How to Create a Palestinian State, 101
The Palestinian leadership seems caught in limbo these days, alternating between threats to tear down the Palestinian Authority and promises to build up the institutions of a nascent Palestinian state, which will then seek international recognition with or without Israeli consent. Prime Minister Fayyad and the chief Palestinian negotiator Saeb Erekat mentioned this possibility over ...
The Palestinian leadership seems caught in limbo these days, alternating between threats to tear down the Palestinian Authority and promises to build up the institutions of a nascent Palestinian state, which will then seek international recognition with or without Israeli consent. Prime Minister Fayyad and the chief Palestinian negotiator Saeb Erekat mentioned this possibility over the weekend, with Erekat suggesting that the Palestinian Authority is building a case for recognition of Palestinian statehood before the United Nations Security Council.
If the PA goes through with this plan, it will be the second time a Palestinian state has been declared. The first was on Nov. 15, 1988, when Yasser Arafat unilaterally declared Palestinian independence. Around 100 countries recognized the new Palestinian state, but the declaration had no force on the ground. Israel, cracking down during the First Intifada, maintained a tight grip on all the functions normally performed by a state: they enforced their laws, strictly controlled movement around the West Bank and Gaza, and regulated commerce and trade. The new Palestinian state existed only on paper.
I asked Ghassan Khatib, who was a member of the Palestinian delegation to the 1991 Madrid peace conference and served as the Palestinian Authority’s Minister of Labor in 2002, what it would take for a unilateral declaration of statehood to actually have an impact on the ground. He made the case that many of the institutions required for a viable Palestinian state have been established in the last several years. “We have a public financial system that has been recognized by the World Bank and the IMF, and is one of the best systems in the region,” he noted. “We have a security system that has been proving itself, and even the Israelis have expressed satisfaction with [its] professionalism.”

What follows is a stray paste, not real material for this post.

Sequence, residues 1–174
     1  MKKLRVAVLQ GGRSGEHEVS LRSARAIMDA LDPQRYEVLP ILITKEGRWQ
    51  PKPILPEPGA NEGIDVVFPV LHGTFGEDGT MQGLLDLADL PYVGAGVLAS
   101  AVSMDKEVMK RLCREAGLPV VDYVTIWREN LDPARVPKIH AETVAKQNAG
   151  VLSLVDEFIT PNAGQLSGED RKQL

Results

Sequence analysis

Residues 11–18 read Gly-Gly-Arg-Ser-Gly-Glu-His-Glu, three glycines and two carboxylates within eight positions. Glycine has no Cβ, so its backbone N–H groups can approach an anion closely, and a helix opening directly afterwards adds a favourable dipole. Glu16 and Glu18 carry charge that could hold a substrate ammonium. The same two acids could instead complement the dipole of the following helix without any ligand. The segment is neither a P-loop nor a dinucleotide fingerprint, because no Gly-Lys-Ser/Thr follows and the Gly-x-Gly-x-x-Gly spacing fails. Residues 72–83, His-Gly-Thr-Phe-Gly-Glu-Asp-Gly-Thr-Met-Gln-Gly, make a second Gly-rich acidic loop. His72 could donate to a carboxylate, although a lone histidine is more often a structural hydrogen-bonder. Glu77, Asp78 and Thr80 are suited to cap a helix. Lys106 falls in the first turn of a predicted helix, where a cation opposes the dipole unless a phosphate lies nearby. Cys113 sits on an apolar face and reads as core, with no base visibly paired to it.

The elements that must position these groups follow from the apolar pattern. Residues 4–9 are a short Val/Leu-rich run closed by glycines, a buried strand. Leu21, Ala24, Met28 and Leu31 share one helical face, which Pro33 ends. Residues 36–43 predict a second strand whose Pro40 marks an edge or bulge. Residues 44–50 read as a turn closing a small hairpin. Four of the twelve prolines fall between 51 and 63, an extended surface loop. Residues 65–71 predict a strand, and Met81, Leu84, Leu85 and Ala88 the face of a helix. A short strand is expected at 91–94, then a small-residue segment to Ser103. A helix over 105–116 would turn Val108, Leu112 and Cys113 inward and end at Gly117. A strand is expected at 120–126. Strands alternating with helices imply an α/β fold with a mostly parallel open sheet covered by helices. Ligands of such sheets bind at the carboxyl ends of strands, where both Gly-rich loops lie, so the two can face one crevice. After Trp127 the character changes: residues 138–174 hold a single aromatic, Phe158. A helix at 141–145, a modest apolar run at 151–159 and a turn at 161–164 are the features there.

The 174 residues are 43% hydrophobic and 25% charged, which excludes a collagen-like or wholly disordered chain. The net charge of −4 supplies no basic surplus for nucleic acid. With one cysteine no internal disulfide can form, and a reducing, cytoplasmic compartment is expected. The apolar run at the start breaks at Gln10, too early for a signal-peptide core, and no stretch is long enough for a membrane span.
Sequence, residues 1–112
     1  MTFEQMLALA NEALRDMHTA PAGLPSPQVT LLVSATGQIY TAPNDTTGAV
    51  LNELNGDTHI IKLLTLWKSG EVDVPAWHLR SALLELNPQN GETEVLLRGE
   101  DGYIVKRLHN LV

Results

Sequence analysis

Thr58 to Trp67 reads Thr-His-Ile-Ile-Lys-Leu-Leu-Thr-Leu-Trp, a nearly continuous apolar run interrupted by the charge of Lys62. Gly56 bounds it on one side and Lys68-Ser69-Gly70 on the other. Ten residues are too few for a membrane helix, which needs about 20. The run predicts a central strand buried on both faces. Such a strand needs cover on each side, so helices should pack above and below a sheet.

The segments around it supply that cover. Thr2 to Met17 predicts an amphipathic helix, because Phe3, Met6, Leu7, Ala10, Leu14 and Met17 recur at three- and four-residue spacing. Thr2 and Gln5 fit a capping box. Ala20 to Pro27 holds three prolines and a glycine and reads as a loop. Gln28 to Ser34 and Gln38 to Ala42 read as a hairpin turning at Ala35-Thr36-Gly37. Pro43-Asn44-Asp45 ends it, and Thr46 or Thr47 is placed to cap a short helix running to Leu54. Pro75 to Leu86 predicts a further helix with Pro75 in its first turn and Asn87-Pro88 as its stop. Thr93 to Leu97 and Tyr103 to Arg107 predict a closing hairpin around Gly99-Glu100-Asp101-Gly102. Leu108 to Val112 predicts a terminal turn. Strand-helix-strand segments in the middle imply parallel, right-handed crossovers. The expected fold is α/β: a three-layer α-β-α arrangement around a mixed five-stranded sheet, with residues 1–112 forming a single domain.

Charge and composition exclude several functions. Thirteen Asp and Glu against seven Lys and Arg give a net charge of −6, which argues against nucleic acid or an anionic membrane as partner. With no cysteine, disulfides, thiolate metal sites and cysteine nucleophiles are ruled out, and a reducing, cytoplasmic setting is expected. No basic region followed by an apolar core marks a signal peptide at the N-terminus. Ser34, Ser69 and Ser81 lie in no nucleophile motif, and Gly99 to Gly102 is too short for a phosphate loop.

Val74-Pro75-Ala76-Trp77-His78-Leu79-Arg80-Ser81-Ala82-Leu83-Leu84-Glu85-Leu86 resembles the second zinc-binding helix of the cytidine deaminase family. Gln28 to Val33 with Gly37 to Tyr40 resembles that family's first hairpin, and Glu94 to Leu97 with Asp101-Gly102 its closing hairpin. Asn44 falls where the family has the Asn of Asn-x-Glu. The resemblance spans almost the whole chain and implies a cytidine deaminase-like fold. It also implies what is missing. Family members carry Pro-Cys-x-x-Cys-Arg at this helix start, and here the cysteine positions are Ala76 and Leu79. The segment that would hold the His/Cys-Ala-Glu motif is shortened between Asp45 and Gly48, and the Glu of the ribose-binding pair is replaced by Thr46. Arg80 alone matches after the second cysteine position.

Israeli officials have already threatened that a unilateral declaration of statehood would be met with an “appropriate Israeli response.” They would have a number of weapons at their disposal, most notably the ability to prevent a Palestinian state from providing a viable economic future for its citizens. “[T]he Israeli occupation is not allowing us to deal freely with our natural resources, or allowing us to move freely inside the territories or to the territories outside,” said Khatib. There is no airport in the West Bank – though Prime Minister Fayyad’s ambitious blueprint for a Palestinian state within two years contains a plan to construct an airport in the Jordan Valley. Because Israel geographically separates Gaza and the West Bank, Israel could easily strangle trade between the two territories and cut off trade through the port in Gaza. And that’s not even mentioning Hamas, which has already come out in opposition to the PA’s plan.
But Mahmoud Abbas, Salam Fayyad, and Saeb Erekat appear to be gambling that they can go over the heads of both Israel and Hamas by appealing directly to the United Nations Security Council. If they can present a viable plan for maintaining security and developing effective institutions for a Palestinian state, the Obama administration may yet be convinced not to exercise its veto and bless the declaration of statehood. If the Security Council throws its support behind the plan, Israel would be hard-pressed to kill the new Palestinian state in its infancy. That’s a lot of “ifs,” to be sure, but there is just a chance that the Palestinian leadership may emerge from the current limbo looking as if they had a plan all along.
ABBAS MOMANI/AFP/Getty Images
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